Cavalia is a dream of horses.
Black ones, white ones, bays, grays, buckskins, chestnuts, even the occasional paint. Their noses are nobly Roman or daintily dished. Their manes drape like fairy cobwebs and their necks are proud and powerful, like a steed out of “The Lord of the Rings.”
They are, in a word, breathtaking.
Sometimes, they race around the stage without saddle, bridle or rider, as unfettered as God made them. Other times, they’re like moving platforms, the flesh-and-blood base for some fancy stunt riding. A petite blonde dressed in New Age/ Road Warrior motley, commands a small herd to rear in unison. Or asks them to take a break, standing stock-still with their heads “casually” draped over another’s neck.
Sometimes they perform haute ecole (you’ve seen Lipizzaners do it) or dressage (you’ve seen it at the Olympics.) One gentle giant, a Belgian or a Percheron, I’m guessing, merely canters steadily round a ring while a gaggle of fearless young men and women descend on him from the rafters. Or jump over him. Or balance on his back. Or balance on the top of the head of a rider who is balancing on his back.
“Cavalia,” which has been around since 2003 (though this is the first time they’ve gotten around to Atlanta), is the brainchild of one of the founders of Cirque de Soleil. In essence, it’s much the same thing — balancing acts, acrobatics, flying acts — but with equines in the mix.
What “Cavalia” has done so brilliantly is bring some New Age wonder to the sort of equestrian acts that have been around for ages. And the new approach helps us see things with new eyes.
Forty years ago, we watched some Barnum & Bailey showgirl in a tight spangled outfit raise a dozen or so horses on their haunches, and then, too, they were gaudily decked out with plumes and sequins. (And the act was called Liberty Horses instead of Grande Liberte.)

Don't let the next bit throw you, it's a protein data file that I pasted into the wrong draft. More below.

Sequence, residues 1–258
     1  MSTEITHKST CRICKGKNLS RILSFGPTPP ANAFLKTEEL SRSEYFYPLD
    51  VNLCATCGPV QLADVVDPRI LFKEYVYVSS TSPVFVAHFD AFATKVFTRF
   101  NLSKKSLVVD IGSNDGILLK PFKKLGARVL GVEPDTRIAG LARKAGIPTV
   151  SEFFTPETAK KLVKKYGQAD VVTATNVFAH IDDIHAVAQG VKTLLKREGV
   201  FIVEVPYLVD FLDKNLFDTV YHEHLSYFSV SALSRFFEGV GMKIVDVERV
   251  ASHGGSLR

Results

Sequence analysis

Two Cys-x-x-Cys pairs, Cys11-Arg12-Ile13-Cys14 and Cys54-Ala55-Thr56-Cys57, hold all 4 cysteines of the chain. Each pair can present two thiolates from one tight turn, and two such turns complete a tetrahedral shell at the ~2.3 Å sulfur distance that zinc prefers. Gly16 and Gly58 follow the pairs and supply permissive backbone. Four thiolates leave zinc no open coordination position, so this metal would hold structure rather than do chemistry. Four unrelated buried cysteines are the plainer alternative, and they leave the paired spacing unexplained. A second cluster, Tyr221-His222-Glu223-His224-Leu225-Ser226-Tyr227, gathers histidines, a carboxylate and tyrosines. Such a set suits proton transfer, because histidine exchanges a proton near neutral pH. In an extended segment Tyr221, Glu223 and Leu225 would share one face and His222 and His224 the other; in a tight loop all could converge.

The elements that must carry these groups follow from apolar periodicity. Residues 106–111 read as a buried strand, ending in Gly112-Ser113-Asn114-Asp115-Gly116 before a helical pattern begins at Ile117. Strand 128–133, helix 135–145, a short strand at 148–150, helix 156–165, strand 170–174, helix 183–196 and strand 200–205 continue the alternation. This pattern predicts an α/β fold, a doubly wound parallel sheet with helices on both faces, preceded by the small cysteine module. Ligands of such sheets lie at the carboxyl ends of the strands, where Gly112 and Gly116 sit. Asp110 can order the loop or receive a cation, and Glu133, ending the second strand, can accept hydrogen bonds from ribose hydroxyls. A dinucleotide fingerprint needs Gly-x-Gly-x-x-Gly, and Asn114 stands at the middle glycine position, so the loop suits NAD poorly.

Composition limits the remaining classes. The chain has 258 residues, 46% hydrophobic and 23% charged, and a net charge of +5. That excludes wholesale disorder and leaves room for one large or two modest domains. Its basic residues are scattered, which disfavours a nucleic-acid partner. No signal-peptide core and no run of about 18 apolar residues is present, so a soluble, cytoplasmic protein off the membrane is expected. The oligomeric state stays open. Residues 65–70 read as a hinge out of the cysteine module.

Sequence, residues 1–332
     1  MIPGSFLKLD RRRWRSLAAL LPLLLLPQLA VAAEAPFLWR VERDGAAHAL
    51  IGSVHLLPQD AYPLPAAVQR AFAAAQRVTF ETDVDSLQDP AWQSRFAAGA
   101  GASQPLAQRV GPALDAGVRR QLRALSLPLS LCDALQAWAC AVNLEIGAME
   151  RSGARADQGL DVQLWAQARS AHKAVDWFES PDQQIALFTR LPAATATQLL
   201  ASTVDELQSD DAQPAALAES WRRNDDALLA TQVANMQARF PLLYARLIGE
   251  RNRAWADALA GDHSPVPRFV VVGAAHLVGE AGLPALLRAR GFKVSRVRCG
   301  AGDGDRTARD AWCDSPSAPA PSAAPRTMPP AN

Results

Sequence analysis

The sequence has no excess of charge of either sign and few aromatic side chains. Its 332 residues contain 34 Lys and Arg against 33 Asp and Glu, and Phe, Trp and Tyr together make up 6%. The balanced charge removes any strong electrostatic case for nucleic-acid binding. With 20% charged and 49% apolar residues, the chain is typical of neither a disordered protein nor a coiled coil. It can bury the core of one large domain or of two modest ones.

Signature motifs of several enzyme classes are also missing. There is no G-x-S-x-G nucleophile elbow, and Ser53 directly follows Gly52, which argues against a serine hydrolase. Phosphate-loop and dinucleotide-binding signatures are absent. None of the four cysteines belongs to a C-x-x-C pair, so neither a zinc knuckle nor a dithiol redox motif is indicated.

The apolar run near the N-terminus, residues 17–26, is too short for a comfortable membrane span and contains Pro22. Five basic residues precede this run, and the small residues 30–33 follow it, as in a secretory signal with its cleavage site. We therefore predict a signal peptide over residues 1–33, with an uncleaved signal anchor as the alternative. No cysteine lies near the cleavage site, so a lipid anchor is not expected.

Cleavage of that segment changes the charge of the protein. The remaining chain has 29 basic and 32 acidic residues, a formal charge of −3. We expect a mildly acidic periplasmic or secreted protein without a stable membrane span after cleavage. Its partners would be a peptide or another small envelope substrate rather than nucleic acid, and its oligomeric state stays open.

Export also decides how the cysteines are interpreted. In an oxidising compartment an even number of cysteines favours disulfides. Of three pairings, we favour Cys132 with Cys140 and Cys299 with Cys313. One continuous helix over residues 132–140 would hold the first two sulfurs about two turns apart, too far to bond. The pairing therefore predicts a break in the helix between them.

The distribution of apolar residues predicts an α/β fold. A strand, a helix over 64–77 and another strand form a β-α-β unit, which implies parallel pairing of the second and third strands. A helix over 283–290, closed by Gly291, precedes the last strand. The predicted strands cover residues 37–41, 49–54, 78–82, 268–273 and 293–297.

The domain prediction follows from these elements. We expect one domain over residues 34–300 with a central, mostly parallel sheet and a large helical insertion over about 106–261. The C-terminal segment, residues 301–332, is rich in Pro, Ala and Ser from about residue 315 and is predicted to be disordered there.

A band of brothers (show-wise, if not by blood), ride Hussar style, one foot on each of two horses and gallop at full speed around the arena. One even has the confidence — and showmanship — to take one of his hands off the reins and blow a kiss to a lovely young blonde in the audience. Again, this sort of risky stunt riding has been around a long time, but the “Cavalia” troupe brings a new energy to it.
Plus, they know most of us haven’t seen anything like this in years — back when we were young or we took our own young to see the elephants and the high-wire walkers. But with lions and tigers and bears to look at, the horses were almost second-rung excitement. “Cavalia” puts them back here they belong: front and center.
I’d eagerly sit through this two-plus hour entertainment again (and again and again) if I thought there was a single unsold ticket left. All but two seats were filled the night I went (a Wednesday). But just as I know a good thing when I see it (years of practice), so do the folks who created “Cavalia.” The show has been extended through January 3 (with a week off December 7-14). It’s expensive, but you won’t regret it. Or forget it.